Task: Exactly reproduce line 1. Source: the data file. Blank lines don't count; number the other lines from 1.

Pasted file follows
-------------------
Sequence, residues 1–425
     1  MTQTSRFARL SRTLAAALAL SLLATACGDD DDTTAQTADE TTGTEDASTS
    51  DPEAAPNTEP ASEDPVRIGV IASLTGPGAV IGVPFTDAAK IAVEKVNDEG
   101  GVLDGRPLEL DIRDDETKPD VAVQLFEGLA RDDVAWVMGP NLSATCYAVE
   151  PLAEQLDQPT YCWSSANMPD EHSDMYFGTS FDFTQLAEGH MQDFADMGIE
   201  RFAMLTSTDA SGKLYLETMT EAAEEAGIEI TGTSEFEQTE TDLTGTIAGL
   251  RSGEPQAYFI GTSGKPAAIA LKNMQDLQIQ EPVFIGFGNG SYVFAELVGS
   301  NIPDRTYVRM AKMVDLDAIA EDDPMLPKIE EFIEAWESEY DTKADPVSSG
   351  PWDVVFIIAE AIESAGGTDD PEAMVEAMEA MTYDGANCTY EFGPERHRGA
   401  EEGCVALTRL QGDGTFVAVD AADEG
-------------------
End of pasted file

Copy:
Sequence, residues 1–425